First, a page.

I am a big fan of live coding as a pedagogical technique to teach programming. As I note in my book (HTTCS available here) the evidence for effectiveness of live coding is clear:
Live-coding is an approach to teaching programming by writing actual code during class as part of the lectures. In a live-coding session, the instructor thinks aloud while writing code and the students are able to understand the process of programming by observing the thought processes of the instructor. […] We found that live-coding (1) makes the process of programming easy to understand for novice programmers, (2) helps students learn the process of debugging, and (3) exposes students to good programming practices.Raj, Patel et al, Role of Live-coding in Learning Introductory Programming: link
On my YouTube channel I have now uploaded a live coding lesson I recorded recently. I talk through my thought processes as I solve a programming problem I composed. The problem itself and many others are available in a booklet I created for teaching skills needed to tackle the Non-Examined Assessment (NEA) in the 2016 GCSE spec. Although the NEA is no longer required, practical programming experience is still vital, so I still use these exercises with my classes.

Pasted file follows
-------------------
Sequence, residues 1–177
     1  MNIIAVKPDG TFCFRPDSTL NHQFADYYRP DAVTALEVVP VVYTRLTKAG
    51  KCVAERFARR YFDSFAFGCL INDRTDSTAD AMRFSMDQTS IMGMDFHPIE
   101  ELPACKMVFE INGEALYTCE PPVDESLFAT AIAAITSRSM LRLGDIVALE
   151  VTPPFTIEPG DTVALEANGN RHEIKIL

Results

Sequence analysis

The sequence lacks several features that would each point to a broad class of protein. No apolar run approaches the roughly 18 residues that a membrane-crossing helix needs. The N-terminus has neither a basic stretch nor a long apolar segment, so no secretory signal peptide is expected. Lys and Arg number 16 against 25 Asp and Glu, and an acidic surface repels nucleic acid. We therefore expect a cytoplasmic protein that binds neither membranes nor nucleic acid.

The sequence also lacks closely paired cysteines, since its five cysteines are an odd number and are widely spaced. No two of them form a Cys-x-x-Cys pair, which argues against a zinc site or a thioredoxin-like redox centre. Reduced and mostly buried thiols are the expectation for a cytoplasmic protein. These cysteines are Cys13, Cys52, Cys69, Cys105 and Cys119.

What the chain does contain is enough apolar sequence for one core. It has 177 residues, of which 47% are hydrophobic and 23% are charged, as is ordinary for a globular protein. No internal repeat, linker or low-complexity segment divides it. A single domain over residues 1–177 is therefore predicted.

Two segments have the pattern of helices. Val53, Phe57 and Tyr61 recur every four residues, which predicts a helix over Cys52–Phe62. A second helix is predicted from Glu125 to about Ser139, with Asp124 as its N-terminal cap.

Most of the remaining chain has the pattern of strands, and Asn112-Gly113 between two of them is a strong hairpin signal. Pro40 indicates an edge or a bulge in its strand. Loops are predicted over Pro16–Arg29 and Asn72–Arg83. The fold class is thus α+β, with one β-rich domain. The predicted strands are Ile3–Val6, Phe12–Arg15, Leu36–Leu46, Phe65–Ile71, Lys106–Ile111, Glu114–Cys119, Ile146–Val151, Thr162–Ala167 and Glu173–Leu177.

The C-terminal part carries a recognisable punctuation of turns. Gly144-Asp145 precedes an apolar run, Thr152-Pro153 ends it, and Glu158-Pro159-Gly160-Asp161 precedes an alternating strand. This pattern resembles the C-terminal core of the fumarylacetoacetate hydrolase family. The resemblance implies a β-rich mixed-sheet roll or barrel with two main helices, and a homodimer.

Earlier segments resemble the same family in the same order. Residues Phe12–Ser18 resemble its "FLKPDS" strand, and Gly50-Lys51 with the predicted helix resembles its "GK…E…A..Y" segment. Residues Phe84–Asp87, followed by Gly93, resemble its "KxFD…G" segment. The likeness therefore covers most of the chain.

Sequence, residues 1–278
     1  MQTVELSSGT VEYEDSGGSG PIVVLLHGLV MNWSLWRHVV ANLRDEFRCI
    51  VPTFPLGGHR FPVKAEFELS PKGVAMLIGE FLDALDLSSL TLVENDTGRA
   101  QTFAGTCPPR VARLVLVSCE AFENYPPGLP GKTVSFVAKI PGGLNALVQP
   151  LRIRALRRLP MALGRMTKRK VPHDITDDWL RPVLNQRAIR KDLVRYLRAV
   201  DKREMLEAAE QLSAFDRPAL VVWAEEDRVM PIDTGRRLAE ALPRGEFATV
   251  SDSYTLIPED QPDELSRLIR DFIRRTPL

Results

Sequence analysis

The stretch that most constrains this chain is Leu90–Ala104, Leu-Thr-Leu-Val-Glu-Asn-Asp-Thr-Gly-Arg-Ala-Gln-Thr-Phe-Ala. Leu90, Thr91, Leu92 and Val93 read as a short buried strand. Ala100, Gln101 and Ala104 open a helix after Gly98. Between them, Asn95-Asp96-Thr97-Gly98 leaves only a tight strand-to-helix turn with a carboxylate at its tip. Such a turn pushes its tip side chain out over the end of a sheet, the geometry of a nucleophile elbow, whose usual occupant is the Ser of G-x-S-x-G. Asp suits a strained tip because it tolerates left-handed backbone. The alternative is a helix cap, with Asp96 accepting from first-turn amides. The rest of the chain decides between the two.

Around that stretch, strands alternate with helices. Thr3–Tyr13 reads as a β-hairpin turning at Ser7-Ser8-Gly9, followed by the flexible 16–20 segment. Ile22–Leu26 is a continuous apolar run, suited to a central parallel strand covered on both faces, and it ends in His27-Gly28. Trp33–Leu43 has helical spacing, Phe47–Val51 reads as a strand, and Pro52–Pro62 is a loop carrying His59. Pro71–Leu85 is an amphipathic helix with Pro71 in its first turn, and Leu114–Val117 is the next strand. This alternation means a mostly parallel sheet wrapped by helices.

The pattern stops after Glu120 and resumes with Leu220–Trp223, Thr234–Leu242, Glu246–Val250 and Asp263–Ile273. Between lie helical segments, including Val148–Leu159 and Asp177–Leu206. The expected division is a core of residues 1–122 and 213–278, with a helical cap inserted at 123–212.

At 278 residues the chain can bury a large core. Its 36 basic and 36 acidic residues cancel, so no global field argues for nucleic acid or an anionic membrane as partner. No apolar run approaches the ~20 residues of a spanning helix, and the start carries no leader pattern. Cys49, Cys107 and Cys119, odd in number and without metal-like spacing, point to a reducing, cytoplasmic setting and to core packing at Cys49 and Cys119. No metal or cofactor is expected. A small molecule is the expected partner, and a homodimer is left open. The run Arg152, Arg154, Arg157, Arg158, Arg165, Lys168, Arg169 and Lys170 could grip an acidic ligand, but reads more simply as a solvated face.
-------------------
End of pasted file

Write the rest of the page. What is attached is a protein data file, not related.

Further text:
In the video you can see and hear me narrate my thought processes as I solve the problem. I also demonstrate “call before write” coding, where I write a call to a subroutine, before later writing the actual subroutine. This matches my thought processes, and fits with the idea of decomposition, and solving a problem from the top down, focusing on the highest level of abstraction first, and filling in details later.